Sustainable Energy for Wales: Tidal and Wind with Ammonia Storage

By Agustin Valera-Medina on January 11, 2018

A guest post by Agustin Valera-Medina, Cardiff University, sharing the conclusions of the unpublished Master of Science Thesis by David Warwick-Brown for his M.Sc Sustainable Energy & Environment, 2017.

As part of the sustainable agenda of the UK, the government, research institutions, and various enterprises have looked for options to reduce the carbon footprint of the country while ensuring energy independence for several years. One of the alternatives has been to introduce the use of marine energy via the implementation of a barrage in the Severn Estuary or the development and implementation of tidal lagoons located around the Welsh coast.

Click to enlarge. Tidal Lagoon turbine technology, “The key elements of a conventional hydro double regulated bulb turbine.” Source: Tidal Lagoon plc.

From these alternatives, the tidal lagoon concept seems to be most feasible, as the cost is much lower than a barrage, although the current construction costs are still considerably high when compared to conventional power plants. Thus, hybrid technologies have been proposed to increase the produced energy, incrementing the power generated with a subsequent reduction of the levelized cost of electricity.

Wind energy, a well-demonstrated technology, has been considered to create hybrid systems capable of boosting the energy production of tidal lagoons with attractive economies of scale, because the foundations from the latter will serve as those of the former. This enables the production of off-shore wind energy, which is known to be greater than on-shore wind generation.

Hybrid tidal and wind energy systems will produce vast amounts of energy during off-peak hours that will require the use of energy storage technologies – the size of each proposed tidal lagoon ranges close to ~1.5 GW. Currently, companies involved in the development of these complexes are thinking of batteries, pumped hydro, and ammonia as the potential candidates to provide storage for these vast amounts of energy.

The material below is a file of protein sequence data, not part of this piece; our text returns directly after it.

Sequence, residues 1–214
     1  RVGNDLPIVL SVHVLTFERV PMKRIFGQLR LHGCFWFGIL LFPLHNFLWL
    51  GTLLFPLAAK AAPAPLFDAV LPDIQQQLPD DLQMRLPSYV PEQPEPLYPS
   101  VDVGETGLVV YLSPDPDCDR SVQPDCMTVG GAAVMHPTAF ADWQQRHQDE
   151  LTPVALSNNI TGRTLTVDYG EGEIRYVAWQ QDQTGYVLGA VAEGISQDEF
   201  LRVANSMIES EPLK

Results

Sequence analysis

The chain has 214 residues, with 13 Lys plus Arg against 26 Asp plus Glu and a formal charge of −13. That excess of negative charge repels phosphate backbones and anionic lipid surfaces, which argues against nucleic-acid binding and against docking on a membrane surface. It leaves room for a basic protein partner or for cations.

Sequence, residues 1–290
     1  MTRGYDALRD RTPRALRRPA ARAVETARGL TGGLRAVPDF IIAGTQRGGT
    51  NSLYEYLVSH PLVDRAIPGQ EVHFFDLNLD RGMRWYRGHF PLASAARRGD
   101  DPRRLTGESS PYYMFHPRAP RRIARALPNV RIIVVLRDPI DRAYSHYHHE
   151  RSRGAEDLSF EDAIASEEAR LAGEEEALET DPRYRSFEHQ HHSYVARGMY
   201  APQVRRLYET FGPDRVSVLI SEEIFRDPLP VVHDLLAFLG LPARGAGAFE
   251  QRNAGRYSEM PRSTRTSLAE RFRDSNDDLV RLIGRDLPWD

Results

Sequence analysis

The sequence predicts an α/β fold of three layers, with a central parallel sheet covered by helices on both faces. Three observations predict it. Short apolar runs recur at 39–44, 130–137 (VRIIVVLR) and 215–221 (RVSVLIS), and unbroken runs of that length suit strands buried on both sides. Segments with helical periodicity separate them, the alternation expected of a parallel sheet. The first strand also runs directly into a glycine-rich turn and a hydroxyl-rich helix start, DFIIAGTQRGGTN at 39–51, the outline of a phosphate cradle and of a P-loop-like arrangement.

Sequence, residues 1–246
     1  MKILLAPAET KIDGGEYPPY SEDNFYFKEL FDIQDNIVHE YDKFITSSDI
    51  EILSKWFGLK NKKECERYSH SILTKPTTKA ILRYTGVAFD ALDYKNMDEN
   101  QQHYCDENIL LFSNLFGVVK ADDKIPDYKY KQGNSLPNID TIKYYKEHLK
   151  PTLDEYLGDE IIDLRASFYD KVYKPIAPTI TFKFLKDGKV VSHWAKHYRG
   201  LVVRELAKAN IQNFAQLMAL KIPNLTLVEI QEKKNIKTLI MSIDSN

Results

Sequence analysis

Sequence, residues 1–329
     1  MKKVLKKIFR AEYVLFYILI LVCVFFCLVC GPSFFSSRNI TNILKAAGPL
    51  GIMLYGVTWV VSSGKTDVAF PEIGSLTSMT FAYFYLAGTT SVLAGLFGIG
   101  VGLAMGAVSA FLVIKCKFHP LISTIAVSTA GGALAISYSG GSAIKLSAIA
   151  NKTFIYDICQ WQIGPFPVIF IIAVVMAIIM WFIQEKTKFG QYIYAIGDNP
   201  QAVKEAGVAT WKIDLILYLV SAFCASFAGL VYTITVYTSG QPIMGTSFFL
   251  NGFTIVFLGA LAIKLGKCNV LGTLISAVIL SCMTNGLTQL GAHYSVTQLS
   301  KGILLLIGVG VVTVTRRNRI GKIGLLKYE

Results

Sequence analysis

Thus, a recent preliminary study conducted by Cardiff University evaluated different sites where the concept of “Tidal + Wind + Ammonia Storage” could be developed while providing profitable scenarios.

For the study, recent details of tidal power generation were considered in combination with standard wind power production conditions based on the current wind profiles of the coast of Wales. The energy produced during peak and day-light hours was then directed to the grid, while off-peak power generation was used to produce clean hydrogen; this was analysed using data from highly efficient, newly developed systems by Siemens. Ammonia was then produced via iron- or ruthenium-based catalytic synthesizers; this analysis was performed using data generated by current studies of Oxford University, in which a combined electrolysis-catalytic system was estimated to have ~53% efficiency in the power-to-ammonia conversion. Finally, the ammonia produced would be sold at the current market price of ~£240 per tonne.

Click to enlarge. David Warwick-Brown, Analysing Potential Wind-Tidal Lagoon Hybrid Systems for Energy Generation and Green Ammonia Production in Wales: Fig. 4.8, Gross Profit of using “Tidal + Wind + Ammonia Storage” hybrid systems.

The results showed that the regions of North Wales and West Wales generate losses or extremely small profits, while the regions of South Wales, specifically Barry, Mumbles and Newport, showed highly profitable scenarios that now are being assessed by the companies working on these concepts.

Further works will be conducted shortly to provide data that correlates to novel commercial ammonia production systems, evaluating the efficient production of ammonia in combination with data of current energy consumption patterns in the UK. This will enable the economic analysis of off-peak energy storage in Wales, and support a proposal that seeks to set the precedent required for local, European, and industrial funding support.

The use of hybrid “Tidal + Wind + Ammonia Storage” systems will not only ensure clean energy production for Wales and the West of England, but will also enable the reduction of CO2 while utilizing surplus renewable energy for production of a chemical that can produce high profits in the current global market.

A guest post by Agustin Valera-Medina, Cardiff University, sharing the conclusions of the unpublished Master of Science Thesis by David Warwick-Brown for his M.Sc Sustainable Energy & Environment, 2017.